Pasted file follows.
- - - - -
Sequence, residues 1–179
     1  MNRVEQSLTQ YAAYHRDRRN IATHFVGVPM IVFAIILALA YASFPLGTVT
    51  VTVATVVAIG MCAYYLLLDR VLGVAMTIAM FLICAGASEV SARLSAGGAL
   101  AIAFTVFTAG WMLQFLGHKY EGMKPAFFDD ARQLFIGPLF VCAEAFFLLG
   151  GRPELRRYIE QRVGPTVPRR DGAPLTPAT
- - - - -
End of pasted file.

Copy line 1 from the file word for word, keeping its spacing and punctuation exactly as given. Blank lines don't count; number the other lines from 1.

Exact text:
Sequence, residues 1–179